One of the most amazing experiences I had last year was traveling to Montgomery, Alabama [with a colleague and several Huntsville area K-12 teachers] and walking the path where Dr. Martin Luther King, Jr. began his activism. We often discuss King’s leading the fight for Civil Rights in this country with emphasis on his practice of non-violent/passive resistance. But, while he worked to build bridges between blacks and whites during one of the most turbulent eras of United States racial history, King also addressed the need for African Americans to resist the stigmatization of blackness. He urged us to love ourselves in spite of our country’s ingrained propensity to chip away at any inclination we possess toward authentic self-love and acceptance.
King would have been 90 today, and since his birthday falls during Pics and Posts’ “Self-love Week,” I am sharing an excerpt from a speech that encourages self-love.
I come here tonight to plead with you. Believe in yourself and believe that you are somebody. I said to a group last night: Nobody else can do this for us. No document can do this for us. No Lincolnian emancipation proclamation can do this for us. No Johnsonian Civil Rights bill can do this for us.
If the Negro is to be free, he must move down into the inner resources of his own soul and sign with a pen and ink of self-assertive manhood his own emancipation proclamation.
Don’t let anybody take your manhood. Be proud of our heritage…we don’t have anything to be ashamed of.
Somebody told a lie one day. They couched it in language. They made everything “black” ugly and evil. Look in your dictionaries and see the synonyms of the word “black.” It’s always something degrading and low and sinister. Look at the word “white,” it’s always something pure, high and clean. Well, I want to get the language right tonight.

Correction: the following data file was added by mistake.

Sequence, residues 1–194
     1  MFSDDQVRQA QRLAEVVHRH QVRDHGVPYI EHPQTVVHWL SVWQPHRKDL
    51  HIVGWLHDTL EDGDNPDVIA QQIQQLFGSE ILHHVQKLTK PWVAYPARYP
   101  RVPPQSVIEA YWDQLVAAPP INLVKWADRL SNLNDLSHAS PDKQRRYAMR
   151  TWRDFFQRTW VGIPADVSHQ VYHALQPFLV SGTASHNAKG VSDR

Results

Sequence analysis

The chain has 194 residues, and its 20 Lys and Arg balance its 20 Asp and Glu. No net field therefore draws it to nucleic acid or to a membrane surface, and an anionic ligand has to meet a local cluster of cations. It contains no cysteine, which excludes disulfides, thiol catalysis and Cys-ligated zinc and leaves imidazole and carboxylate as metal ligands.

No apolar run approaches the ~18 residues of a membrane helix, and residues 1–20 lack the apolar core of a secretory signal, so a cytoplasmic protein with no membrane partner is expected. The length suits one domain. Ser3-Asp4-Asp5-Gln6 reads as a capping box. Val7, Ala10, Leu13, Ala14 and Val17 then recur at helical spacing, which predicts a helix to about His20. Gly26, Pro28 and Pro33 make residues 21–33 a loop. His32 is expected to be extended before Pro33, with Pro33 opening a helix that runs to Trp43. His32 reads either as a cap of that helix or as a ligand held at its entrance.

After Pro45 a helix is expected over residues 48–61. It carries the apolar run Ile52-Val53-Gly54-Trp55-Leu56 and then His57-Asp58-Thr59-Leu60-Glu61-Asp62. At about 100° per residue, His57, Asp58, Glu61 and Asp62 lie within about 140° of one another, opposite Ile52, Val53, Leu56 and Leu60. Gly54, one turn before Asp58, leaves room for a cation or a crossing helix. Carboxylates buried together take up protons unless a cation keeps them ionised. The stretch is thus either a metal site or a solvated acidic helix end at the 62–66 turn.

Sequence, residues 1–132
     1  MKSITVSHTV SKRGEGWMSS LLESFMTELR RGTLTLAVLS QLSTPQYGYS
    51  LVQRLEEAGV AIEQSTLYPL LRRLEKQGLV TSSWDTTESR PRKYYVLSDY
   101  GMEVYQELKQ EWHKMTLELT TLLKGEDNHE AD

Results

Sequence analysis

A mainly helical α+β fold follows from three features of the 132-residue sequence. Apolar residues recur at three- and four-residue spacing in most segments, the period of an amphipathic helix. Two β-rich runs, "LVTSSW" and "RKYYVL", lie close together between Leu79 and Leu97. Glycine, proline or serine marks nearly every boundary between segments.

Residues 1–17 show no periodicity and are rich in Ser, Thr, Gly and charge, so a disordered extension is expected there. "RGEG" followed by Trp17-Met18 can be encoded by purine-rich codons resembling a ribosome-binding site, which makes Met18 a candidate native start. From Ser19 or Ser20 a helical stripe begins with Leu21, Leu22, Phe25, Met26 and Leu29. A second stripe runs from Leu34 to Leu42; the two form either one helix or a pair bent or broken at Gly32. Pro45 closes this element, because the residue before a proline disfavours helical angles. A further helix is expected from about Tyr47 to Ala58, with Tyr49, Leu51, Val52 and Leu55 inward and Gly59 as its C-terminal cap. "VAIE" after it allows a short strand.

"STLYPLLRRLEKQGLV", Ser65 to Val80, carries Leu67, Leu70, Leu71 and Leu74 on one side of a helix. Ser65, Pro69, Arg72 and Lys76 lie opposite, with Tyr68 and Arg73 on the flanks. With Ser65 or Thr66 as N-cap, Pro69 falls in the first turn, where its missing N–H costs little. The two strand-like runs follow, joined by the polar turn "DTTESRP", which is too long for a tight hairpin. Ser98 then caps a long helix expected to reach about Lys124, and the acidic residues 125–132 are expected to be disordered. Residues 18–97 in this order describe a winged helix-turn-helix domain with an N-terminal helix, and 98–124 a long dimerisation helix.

I want to get the language so right that everyone here will cry out: ‘Yes, I’m Black, I’m proud of it. I’m Black and I’m beautiful!”
And because MLK’s speeches are best experienced aurally:
King spoke specifically to African Americans in this speech, but there’s something in his speech for everyone. Dig deep and do the work. Love the skin you’re in. Find within you that which is good and strong and beautiful.
Perhaps, if everyone took the time to love themselves the world wouldn’t be such a mess! We wouldn’t have to feast on fear and hatred or make ourselves sick building superficial lives in search of acceptance by others.
People who love themselves love people. People who love themselves are beautiful. People who love themselves use their energy and resources to build up others, not tear down and destroy.
Self-love is work, but one of the best ways we express self-love is through the soul work of loving others.